The man who killed 12 and injured 70 people in a July 2012 mass shooting in a Colorado movie theater returns to court for a hearing to decide whether crime scene reconstruction experts will be allowed to testify. Prosecutors are seeking the death penalty for James Holmes, 26, who is pleading not guilty by reason of insanity.
Prosecutors are seeking to call FBI investigators as crime scene reconstruction expert witnesses.
Arapahoe County District Court Judge Carlos Samour will decide whether their analysis is “credible enough to be admitted at trial as expert testimony. ”. The defense is seeking to bar such evidence, arguing that it is “unreliable. ”
Colorado Rule of Evidence 702 states: “If scientific, technical, or other specialized knowledge will assist the trier of fact to understand the evidence or to determine a fact in issue, a witness qualified as an expert by knowledge, skill, experience, training, or education, may testify thereto in the form of an opinion or otherwise.”
The Denver Post reports that the crime scene reconstruction experts created a “three-dimensional scan of the theater…to track the flight of every bullet fired during one of the worst mass shootings in American history.”
One of the proposed experts, Brett Mills, is a FBI crime scene expert with more than 25 years of experience. He testified in the trial of Maj. Nidal Hasan , a U.S. Army psychiatrist and Medical Corps officer sentenced to death for a mass shooting in Fort Hood in November 2009.
Mills testified that of the 238 bullet holes or impact marks he uncovered in the Aurora movie theater, the majority was “indicative of high-velocity rounds…coming from the front of the theater, near the exit door that detectives say Holmes entered through.”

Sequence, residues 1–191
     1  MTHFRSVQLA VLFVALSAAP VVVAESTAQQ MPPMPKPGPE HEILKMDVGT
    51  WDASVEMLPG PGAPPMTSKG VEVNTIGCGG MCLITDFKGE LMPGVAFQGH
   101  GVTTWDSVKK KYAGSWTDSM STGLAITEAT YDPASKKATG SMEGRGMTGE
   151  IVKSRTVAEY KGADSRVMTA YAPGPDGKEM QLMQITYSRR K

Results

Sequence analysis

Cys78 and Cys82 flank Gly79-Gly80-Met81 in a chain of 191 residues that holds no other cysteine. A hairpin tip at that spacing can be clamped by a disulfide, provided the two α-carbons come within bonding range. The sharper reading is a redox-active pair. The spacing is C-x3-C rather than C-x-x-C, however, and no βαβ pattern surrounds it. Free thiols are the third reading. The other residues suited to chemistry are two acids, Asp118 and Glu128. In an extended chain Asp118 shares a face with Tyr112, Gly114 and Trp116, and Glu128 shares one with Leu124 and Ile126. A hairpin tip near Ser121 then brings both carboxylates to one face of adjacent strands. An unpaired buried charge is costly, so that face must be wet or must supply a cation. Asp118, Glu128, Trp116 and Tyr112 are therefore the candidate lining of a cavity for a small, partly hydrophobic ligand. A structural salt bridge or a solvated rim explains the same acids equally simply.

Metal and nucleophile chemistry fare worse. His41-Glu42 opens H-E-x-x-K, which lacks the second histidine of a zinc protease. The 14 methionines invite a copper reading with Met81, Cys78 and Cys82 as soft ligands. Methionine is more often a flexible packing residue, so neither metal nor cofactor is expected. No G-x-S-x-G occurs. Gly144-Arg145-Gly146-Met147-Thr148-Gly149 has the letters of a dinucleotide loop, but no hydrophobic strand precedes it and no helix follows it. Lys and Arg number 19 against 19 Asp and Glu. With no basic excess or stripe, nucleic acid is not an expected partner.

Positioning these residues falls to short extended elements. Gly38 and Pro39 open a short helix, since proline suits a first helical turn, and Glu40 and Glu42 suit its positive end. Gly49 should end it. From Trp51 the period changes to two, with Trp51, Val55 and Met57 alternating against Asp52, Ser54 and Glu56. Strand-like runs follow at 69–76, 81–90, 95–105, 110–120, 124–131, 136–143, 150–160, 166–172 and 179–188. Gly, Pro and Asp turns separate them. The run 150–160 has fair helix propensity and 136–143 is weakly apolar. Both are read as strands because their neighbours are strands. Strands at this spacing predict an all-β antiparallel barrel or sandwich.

Attempting to discredit the testimony, Holmes’s defense attorneys questioned his analysis, “noting the trajectory of two bullet holes pointed to the ceiling .”. Mills responded by explaining that the bullets would have changed course after striking “intervening objects,”. Which the prosecutor further clarified as the victims of the shooting.
It’s likely that Judge Samour will find that the prosecutor’s crime scene reconstruction expert witness testimony meets the standard defined by Rule 702. However, the defense may argue that it’s inadmissible under Federal Rule of Evidence 403.
FRE 403 states that relevant evidence may be excluded. This is valid, “if its probative value is substantially outweighed by a danger of one or more of the following: unfair prejudice, confusing the issues, misleading the jury, undue delay, wasting time, or needlessly presenting cumulative evidence.”
It should be noted, however, that in U.S. v. Nevels 490 F.3d 800 (10th Cir. 2007), the court found that the probative value of the testimony provided by a crime scene reconstruction expert witness was not substantially outweighed by danger of unfair prejudice. In the case, the defendant was charged with possession of a firearm by a felon and possession of a firearm with an altered serial number. The defense argued that the prosecutor’s expert, who opined that the defendant fatally shot a victim seven times at close range, elicited an emotional response from the jury. Nevertheless, the court ultimately found that the probative value of the expert’s testimony was not substantially outweighed by danger of unfair prejudice. They noted that “Rule 403 does not protect a party from all prejudice, only ‘unfair prejudice.’”
Judge Samour has not yet ruled on the admissibility of the crime scene reconstruction expert testimony.